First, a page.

Thursday, 13 October 2011

If I were a boy

I read recently that female writers and readers of YA literature significantly outnumber their male counterparts, and this got me thinking: how is the male perspective represented in YA?

Looking back over the last couple of years, there are some great titles I can think of where the male voice/perspective is strong within a book which I wouldn't necessarily think of as being aimed at a boys-only market. Here are a few which really stood out for me:

Gone (and sequels) by Michael Grant
Unwind by Neal Shusterman
The Maze Runner (and sequel) by James Dashner

Despite the fact that I read more than is good for my poor ole eyes, I freely admit that there are even more books around that I haven't read (yet), so forgive me if I've left out any glaringly obvious ones - and please let me know of any additions you'd make to the list in the comments box below.

What struck me about my list was that all of the ones which stood out to me as a reader as having this strong male perspective were written by - yeah, you guessed it - male authors. But maybe that's logical; I mean, they were once teenage boys, so I would say it's only reasonable that their take on being a teenage boy would seem more authentic, somehow...right? Or maybe you disagree.

So here's the weird thing: I find that I prefer writing from the male perspective, and have so far written them almost exclusively in the first-person. And, in case you are in any doubt, I was never a teenage boy. So how am I qualified to write from the male perspective?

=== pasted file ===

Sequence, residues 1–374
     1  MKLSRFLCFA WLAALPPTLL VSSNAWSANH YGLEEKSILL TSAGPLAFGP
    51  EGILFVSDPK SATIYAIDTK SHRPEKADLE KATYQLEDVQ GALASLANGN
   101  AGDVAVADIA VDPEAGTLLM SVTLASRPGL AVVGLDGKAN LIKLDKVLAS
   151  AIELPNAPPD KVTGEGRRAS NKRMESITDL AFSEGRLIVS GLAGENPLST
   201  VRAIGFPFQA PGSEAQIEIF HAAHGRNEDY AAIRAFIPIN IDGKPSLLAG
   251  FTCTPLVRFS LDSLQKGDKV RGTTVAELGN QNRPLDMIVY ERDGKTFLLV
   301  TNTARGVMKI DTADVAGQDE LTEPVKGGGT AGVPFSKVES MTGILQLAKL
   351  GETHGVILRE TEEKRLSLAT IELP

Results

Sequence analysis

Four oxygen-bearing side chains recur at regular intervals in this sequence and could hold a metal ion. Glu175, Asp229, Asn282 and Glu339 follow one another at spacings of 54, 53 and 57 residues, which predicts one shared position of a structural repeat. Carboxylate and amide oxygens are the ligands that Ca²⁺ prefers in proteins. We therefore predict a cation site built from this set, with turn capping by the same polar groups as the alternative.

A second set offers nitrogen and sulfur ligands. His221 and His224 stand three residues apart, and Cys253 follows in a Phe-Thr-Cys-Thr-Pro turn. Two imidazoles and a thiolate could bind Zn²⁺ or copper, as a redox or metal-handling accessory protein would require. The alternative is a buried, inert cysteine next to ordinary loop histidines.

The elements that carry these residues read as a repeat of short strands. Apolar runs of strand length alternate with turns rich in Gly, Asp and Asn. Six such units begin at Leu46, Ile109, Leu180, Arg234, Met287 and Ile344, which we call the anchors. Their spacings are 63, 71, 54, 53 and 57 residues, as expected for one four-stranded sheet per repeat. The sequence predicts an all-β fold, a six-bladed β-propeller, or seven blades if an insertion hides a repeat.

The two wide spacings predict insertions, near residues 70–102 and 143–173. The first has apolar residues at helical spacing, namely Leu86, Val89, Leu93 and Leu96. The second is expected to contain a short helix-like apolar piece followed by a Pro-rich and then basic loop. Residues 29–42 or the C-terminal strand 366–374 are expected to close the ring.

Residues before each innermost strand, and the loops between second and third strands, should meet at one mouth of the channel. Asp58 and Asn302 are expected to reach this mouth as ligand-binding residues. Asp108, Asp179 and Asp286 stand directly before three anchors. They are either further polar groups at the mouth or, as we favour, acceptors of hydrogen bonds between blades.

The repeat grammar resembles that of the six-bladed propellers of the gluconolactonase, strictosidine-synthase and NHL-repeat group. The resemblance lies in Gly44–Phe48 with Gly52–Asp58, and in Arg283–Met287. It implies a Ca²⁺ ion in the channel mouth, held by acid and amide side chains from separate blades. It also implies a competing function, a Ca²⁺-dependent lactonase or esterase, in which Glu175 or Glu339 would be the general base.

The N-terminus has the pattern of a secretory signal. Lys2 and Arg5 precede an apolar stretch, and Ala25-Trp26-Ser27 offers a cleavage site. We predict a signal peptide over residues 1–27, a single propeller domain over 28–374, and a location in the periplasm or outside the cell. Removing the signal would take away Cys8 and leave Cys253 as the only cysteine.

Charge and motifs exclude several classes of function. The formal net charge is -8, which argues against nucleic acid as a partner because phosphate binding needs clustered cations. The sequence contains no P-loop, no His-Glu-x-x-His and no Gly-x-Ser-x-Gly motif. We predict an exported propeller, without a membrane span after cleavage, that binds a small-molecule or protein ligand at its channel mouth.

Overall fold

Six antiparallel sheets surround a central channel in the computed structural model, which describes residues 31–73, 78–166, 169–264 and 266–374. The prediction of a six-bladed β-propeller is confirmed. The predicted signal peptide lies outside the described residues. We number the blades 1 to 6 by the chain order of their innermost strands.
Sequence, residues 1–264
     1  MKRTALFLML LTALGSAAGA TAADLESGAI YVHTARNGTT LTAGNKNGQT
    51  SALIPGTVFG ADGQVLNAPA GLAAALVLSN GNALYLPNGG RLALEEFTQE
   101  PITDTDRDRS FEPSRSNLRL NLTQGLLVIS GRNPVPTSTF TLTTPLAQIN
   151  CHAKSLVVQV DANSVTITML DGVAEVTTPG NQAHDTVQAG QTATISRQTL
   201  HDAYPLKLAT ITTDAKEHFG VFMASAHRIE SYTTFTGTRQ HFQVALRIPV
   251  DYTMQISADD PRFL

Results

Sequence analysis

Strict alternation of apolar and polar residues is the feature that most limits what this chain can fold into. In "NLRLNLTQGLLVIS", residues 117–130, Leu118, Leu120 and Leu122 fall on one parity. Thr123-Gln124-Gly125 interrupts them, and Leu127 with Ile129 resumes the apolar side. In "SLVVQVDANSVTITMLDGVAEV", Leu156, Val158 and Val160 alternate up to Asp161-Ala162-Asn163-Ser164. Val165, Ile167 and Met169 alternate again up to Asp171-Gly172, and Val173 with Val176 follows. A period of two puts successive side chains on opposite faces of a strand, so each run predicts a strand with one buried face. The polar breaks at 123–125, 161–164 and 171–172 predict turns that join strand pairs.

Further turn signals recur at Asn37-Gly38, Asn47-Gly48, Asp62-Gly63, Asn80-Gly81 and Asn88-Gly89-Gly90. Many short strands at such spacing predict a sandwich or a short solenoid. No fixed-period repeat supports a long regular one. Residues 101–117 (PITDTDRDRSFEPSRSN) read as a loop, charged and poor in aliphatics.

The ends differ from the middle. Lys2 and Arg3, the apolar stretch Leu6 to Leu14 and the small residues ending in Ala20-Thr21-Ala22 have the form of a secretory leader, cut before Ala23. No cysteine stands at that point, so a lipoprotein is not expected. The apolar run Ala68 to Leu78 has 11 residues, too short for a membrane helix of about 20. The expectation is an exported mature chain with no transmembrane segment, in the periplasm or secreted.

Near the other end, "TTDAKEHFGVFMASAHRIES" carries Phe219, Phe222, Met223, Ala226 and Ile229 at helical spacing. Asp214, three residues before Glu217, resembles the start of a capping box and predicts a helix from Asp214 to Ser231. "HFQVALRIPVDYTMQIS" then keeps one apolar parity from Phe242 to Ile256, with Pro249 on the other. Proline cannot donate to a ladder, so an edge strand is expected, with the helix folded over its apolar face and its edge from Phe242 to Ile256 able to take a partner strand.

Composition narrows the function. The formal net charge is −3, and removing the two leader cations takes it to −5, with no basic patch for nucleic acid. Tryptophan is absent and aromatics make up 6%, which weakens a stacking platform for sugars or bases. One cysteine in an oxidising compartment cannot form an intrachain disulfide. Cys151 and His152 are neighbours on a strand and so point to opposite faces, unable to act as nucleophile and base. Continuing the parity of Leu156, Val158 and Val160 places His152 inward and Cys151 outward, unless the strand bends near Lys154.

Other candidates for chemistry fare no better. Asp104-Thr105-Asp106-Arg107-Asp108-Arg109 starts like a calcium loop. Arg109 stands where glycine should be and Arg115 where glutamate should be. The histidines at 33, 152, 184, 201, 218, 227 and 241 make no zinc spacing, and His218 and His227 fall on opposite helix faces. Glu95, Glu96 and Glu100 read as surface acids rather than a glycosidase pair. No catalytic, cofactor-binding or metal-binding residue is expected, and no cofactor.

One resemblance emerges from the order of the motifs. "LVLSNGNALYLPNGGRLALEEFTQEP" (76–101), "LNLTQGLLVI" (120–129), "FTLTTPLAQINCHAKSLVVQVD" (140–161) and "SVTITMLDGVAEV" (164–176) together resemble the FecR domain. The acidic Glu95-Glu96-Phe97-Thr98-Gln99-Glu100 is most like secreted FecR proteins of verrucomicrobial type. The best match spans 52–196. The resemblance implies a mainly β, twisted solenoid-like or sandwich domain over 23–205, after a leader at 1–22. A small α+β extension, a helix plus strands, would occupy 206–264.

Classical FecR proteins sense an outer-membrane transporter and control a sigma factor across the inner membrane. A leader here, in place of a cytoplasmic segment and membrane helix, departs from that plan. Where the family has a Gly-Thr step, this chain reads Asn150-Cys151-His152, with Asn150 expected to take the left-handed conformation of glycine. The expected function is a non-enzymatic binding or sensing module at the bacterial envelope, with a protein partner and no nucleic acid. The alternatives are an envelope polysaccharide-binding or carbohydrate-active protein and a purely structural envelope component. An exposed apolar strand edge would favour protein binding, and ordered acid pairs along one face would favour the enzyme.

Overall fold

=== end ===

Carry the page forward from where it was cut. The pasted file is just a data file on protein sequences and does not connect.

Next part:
Well, maybe I don't need to be 'qualified' (in the anatomical sense) to get the male perspective, but I'd say that I definitely need to work a little harder at it.

I find that when I'm writing, I have to stop and think a LOT about how my male protagonists react in different situations - more so than I would when writing from a female POV. I also torture my husband by asking him very detailed and intimate questions about how he used to respond emotionally and physically as a teenager, and El Husbo has been a massive help to me because of his willingness to endure this invasion of his privacy (I think spouses of writers are pretty long-suffering, generally).

So I'll throw this out there to the universe - am I alone in this? Or are there other female YA writers who have found their niche writing from the male perspective? Maybe you're a male writer whose groove is in writing from the female POV... let me know.

Kat out x

1 comment:

  1. You know I never really thought about it this way, but that's mostly because I've never written a story in first person either. I often wonder if I'm shooting myself in the foot by not writing my main character in first person. Who knows...I've just always felt more comfortable writing from a third person POV. I like the way I can dip and weave my way into the mind of any character I want, male or female.


    Not sure that I answered your question, but I enjoyed your post. ;-)


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